If the circumstances are not within a claimant's control, and the authorities are not compelled to grant citizenship, the Board should not consider how the authorities might exercise their discretion.Note 31 A claimant is not required to demonstrate that it was more likely than not, if they applied, they would not be granted citizenship.Note 32
18.104.22.168. Israel's Law of Return
In Grygorian,Note 33 the Trial Division found reasonable the CRDD's decision holding that Israel's Law of Return conferred a right to citizenship on a Russian-born claimant of Jewish origin who had never expressed an intention to immigrate to Israel and who had never resided there. The Court viewed this as an application of the principle in Bouianova.
The Grygorian decision was found not to be a binding precedent and was not followed in Katkova,Note 34 where the Court again considered Israel's Law of Return in the context of a Jewish citizen of Ukraine who did not wish to go to Israel. This factor was considered to be crucial given that the Law of Return stated that the desire to settle in Israel was a prerequisite to immigration. The Court also drew a distinction between potential rights and pre-existing status as a national of a particular country—that is, between potential as opposed to actual nationality, and stated that Ward (SCC) did not deal with potential nationality. Moreover, the Court was of the view that there had to be a genuine connection or link with the home state.Note 35 Finally, the Court held that the Law of Return conferred a discretionary power on the Israeli Minister of the Interior to deny citizenship. The CRDD's decision that Israel was a country of nationality for the claimant was overturned.
2.1.5. Failure to Access Possible Protection in a Third Country
There is some confusion in the case law of the Federal Court as to whether or not an adverse inference can be drawn from the failure to access possible protection or status in a third country, in cases where there is no automatic right to citizenship.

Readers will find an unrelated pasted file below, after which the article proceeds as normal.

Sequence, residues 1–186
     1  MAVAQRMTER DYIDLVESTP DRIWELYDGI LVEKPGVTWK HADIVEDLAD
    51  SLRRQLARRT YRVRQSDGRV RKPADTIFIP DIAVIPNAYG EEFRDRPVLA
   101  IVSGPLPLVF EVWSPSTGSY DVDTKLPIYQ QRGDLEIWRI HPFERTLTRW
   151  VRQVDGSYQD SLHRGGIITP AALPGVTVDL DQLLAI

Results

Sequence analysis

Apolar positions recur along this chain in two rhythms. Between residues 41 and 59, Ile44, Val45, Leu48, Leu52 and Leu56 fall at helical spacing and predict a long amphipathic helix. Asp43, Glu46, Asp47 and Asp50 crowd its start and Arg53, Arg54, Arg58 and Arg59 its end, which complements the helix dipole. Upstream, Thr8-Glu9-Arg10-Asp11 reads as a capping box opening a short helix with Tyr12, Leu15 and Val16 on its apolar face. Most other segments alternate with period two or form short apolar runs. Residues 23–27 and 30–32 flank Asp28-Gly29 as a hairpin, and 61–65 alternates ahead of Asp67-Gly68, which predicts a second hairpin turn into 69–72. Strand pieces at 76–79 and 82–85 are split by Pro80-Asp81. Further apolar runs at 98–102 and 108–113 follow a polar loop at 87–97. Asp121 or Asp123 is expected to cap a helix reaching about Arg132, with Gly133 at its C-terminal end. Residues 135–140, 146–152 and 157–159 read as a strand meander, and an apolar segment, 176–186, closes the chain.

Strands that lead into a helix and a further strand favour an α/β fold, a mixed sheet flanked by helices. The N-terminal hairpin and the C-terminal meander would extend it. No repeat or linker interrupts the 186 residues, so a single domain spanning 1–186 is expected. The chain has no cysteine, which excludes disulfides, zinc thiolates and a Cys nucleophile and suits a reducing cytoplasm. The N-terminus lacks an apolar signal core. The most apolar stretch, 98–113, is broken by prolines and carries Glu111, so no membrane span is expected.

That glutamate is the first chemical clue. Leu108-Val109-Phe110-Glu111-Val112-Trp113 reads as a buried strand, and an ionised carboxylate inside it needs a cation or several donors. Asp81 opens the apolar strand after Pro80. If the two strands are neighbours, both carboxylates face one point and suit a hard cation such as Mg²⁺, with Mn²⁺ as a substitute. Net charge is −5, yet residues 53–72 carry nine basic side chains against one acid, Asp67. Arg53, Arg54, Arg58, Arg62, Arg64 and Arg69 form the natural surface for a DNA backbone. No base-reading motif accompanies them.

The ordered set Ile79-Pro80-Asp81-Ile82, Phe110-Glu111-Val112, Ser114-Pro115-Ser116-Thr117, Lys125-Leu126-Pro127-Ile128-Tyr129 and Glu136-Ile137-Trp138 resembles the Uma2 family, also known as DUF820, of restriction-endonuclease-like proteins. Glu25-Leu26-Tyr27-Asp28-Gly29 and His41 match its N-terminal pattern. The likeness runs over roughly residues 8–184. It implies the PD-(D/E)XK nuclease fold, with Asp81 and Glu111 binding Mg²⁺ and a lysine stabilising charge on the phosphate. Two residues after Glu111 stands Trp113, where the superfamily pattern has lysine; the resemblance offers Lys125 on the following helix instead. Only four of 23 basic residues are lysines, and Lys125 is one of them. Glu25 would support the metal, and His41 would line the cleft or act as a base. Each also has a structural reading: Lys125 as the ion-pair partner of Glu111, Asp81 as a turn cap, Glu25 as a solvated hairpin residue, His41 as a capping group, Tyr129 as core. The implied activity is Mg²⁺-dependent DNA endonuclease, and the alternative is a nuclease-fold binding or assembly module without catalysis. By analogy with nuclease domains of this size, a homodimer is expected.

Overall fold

In Basmenji,Note 40 the Court rejected the proposition that the claimant, an Iranian married to a Japanese national, should have attempted to claim some form of status while in Japan before making a refugee claim in Canada. A similar position was taken in Priadkina,Note 41 where the Court stated that the claimants, Russian Jews from Kazakhstan, had no duty to seek refugee status in Russia or Israel before claiming in Canada.
However, in Moudrak,Note 42 the Court held that the CRDD did not err in taking into account the failure of the claimant, a national of Ukraine of Polish descent, to investigate the possibility of acquiring Polish citizenship (which was not guaranteed) when she travelled to Poland: "the Board was perfectly entitled to find that this was inconsistent with a well-founded fear of persecution." In Osman,Note 43 the Court found that the CRDD's emphasis on the claimant's failure to return to the Philippines, where he had married and had two children, was in the context of his subjective fear and credibility and was not unreasonable. A similar finding was made in Kombo,Note 44 where the CRDD challenged the claimant's credibility and subjective fear because he had taken no action to secure international protection by registering with the UNHCR in Kenya, where he had resided for eleven years as a refugee from Somalia, had married a Kenyan citizen and had two Kenyan children.
On the other hand, in Pavlov,Note 45 the Court held that the CRDD's conclusion about the lack of credibility of the Russian Jewish claimants (who, according to the CRDD, "could have gone to Israel as full citizens … In the panel's view, their failure to take advantage of this option is indicative of a lack of subjective fear") was related to a misapprehension of the law: the CRDD mistakenly assumed that the claimants were required to seek protection in Israel, which was not as of right and which the claimants did not wish to do, before applying for Convention refugee status in Canada. The Court cited Basmenji, but did not refer to Moudrak and Osman.